One of the things you learn quite quickly in trading if you have any degree of awareness and humility is that the market will not in any way respond to your exhortations to behave in a certain way. Recently I got a notification from LinkedIn that I was suitable for several jobs that were being advertised so for shits and giggles I thought I would have a look. My only comment is that if artificial intelligence is recommending jobs dealing with members of the general public to me then we are all screwed.
However. whilst I was there I spotted a chart that was almost identical to one below.
This chart shows the comparative performance of gold and silver and it was immediately followed by a chorus of silver must go up, I’m buying silver right now, I am not only buying silver I am shorting gold and selling the spread. Being long gold and short silver are functionally equivalent to selling the spread but the poster of the comment didn’t seem to realise that. There area few problems with this sort of analysis – if it can be called that. The most obvious is the use of the word must – this implies that the market is subject to a series of fundamental forces that it must obey. Much like if you throw a ball into the air it must come down under the influence of gravity. To my knowledge markets operate under no such doctrine that governs the direction they will take. In many ways, such an assumption is similar in tone to that made by LTCM before their collapse. They assumed that the market was made up of clockwork-like interrelationships that were inviolate. Again no such relationships exist in markets. To suggest otherwise is to misunderstand the nature of markets but it also displays a remarkable breadth of hubris.
Additionally, such an analysis displays a lack of fluidity – the chart above could equally be interpreted as gold has outperformed in this period and therefore should fall. Or alternatively, both instruments could fall and the relative differential is maintained. In suggesting that silver must go up an internal bias is being demonstrated that precludes any understanding that there may be alternative outcomes.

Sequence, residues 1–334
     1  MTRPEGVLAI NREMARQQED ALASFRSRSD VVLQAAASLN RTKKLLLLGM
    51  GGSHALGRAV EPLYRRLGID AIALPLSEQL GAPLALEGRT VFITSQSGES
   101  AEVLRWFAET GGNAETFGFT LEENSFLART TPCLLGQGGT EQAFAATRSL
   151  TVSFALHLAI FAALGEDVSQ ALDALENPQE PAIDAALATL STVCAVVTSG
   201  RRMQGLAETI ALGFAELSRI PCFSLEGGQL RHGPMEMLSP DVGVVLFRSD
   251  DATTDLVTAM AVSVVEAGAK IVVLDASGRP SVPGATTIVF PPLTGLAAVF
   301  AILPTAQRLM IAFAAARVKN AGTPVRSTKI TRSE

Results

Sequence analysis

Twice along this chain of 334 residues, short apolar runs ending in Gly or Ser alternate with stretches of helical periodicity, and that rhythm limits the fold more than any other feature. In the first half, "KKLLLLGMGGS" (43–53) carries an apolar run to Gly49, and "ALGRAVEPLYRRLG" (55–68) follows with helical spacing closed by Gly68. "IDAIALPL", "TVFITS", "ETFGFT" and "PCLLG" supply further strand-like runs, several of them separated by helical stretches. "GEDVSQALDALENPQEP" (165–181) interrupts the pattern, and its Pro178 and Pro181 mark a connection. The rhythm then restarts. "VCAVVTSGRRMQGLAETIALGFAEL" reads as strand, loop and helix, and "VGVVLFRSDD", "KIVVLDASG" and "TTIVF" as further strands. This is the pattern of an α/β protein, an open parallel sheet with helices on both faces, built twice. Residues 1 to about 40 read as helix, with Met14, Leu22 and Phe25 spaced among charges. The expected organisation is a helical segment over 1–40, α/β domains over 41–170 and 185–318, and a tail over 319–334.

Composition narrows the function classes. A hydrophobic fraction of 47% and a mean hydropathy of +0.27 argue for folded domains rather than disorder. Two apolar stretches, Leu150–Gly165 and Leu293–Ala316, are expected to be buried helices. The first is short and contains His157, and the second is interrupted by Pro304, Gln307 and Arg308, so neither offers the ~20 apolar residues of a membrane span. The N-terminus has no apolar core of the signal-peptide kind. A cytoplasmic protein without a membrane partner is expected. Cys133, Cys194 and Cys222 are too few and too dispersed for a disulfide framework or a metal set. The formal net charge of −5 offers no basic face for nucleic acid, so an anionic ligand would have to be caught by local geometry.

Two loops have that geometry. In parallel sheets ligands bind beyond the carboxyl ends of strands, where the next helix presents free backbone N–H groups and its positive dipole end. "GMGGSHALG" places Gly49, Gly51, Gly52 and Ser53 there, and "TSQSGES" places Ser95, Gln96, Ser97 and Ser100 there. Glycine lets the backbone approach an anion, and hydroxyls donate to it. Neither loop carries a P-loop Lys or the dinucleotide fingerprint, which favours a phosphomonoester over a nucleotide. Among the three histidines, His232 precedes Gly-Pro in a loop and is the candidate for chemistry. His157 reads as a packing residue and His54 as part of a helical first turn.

However, there is another problem with this interpretation and it is one of time scale. As I have mentioned many times before the starting date of performance comparisons matters and it greatly influences the picture that is generated. Consider the chart below.
This chart shows the relative performance over the past year and in this time frame the differential has disappeared. This raises the question as to which chart is correct – the longer or shorter term. I would posit that if you are making a timing decision and trading commodities is a timing decision then the short one is more relevant. However, neither give you enough information to make any form of trading decision since all you are seeing is relative performance over a random time frame.
To further confuse matters consider the long term chart below and make of it what you will but remember the market doesn’t care what you think.